aneurism, and required an operation which must have left me scarred for life. . . . Our old nurse, Effie, had arrived at a different conclusion. She was convinced of the truth of the popular belief that a dead man's hand laid upon my cheek and brow would effectually remove the marks. . . . An old man at last did die in one of the nearest cottages. I must have been taken there asleep, as no child would have forgotten it, had she been carried awake to the bed of the dead man and seen and felt his cold hand placed on her face ; and I was old enough to have remembered it, for I have the most distinct recollection of being constantly stopped in our walks by the widow, who always examined my cheek in order to ascertain the state of her husband's body in the grave, — as the marks, as she told my nurse, would certainly fade away as he turned into dust. . . . Whatever the cause of the cure, the red marks faded away as I grew older, and in time disappeared." — The Refninisce?ices of Lady JVake. 1909. Ed. Lucy Wake, pp. 34-35.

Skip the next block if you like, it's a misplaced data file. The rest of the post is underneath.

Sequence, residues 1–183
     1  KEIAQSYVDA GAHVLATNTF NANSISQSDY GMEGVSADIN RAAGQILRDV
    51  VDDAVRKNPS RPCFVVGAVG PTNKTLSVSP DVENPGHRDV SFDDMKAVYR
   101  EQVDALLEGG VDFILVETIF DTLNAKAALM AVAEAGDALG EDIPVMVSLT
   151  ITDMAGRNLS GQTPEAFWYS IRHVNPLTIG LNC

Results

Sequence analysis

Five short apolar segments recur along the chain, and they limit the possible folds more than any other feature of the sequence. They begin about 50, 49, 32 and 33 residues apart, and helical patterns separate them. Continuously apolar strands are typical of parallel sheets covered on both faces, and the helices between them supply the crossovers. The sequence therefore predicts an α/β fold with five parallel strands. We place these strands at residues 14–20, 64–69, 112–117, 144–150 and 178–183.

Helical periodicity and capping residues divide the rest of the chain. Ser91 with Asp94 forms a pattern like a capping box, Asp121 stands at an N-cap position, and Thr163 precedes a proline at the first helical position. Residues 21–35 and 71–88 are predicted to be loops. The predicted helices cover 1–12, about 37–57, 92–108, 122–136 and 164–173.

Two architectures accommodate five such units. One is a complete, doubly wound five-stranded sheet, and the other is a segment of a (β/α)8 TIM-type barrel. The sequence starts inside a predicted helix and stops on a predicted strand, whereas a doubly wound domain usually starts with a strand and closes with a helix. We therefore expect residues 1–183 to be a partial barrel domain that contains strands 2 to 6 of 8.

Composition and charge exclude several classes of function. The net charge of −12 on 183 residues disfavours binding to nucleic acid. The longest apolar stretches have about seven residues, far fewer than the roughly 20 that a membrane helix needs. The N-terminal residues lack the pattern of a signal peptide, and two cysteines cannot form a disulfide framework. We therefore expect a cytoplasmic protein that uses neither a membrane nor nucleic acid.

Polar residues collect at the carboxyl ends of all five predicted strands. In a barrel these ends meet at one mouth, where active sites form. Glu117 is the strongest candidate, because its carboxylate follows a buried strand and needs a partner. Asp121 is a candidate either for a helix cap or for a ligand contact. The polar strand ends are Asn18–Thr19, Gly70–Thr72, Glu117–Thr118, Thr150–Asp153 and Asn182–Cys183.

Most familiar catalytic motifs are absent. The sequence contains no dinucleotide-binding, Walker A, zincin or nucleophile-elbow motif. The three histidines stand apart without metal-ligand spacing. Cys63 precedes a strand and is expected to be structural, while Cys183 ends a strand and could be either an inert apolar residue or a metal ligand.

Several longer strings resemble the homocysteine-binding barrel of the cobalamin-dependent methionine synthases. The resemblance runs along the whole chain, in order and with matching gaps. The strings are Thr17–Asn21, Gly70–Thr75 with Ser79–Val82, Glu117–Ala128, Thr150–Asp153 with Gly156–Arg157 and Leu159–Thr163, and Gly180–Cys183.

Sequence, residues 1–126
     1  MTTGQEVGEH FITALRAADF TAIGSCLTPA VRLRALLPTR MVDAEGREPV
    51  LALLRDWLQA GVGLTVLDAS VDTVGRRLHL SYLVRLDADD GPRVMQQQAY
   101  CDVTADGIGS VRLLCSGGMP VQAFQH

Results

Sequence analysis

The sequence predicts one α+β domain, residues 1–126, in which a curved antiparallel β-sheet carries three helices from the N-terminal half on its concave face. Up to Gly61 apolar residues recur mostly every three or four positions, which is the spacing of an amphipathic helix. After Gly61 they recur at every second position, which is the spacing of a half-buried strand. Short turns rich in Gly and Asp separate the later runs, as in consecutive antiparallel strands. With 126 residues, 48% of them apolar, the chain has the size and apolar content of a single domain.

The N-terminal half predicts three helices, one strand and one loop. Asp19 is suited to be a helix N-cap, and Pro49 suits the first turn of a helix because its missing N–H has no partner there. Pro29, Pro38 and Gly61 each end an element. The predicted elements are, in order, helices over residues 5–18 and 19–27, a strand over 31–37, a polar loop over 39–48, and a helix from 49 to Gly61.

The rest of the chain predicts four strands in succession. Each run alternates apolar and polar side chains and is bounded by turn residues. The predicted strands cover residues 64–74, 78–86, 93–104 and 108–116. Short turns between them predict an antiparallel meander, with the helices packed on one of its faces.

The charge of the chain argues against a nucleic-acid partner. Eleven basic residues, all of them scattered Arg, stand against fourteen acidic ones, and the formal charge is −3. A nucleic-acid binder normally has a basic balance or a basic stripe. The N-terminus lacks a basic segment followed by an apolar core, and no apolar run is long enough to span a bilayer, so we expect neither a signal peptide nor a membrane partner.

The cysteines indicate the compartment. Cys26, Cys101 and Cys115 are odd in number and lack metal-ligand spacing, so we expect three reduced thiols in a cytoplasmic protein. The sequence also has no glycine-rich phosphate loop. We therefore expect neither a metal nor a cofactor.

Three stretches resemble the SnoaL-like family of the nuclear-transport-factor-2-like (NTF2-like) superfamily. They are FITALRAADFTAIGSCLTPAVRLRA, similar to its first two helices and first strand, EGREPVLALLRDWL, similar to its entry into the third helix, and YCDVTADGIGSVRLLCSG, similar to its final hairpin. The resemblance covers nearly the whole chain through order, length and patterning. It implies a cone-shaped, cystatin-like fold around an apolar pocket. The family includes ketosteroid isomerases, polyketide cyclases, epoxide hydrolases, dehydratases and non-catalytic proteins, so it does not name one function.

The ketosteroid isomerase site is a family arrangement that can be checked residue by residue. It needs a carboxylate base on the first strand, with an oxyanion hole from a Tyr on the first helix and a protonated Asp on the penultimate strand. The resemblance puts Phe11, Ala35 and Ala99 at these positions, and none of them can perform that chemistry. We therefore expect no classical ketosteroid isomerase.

On St. Valentine's Day, in most of the villages round Stratford- on-Avon as lately as thirty years ago children used to go round singing for Valentines. In Armscote, a small Worcestershire hamlet, about eight miles from Stratford, they sang these words : —
" Morrow, morrow, Valentine, I'll be yourn if you'll be mine, Please to give us a Valentine."
They always begged for apples, which were saved to make apple fritters on Shrove Tuesday.
The old saying in Armscote is —
" Mid- Lent Sunday more'n any other. Every child goes home to its mother."
In most of the villages in this neighbourhood young girls reckoned on a holiday from service to go home on Mothering Sunday.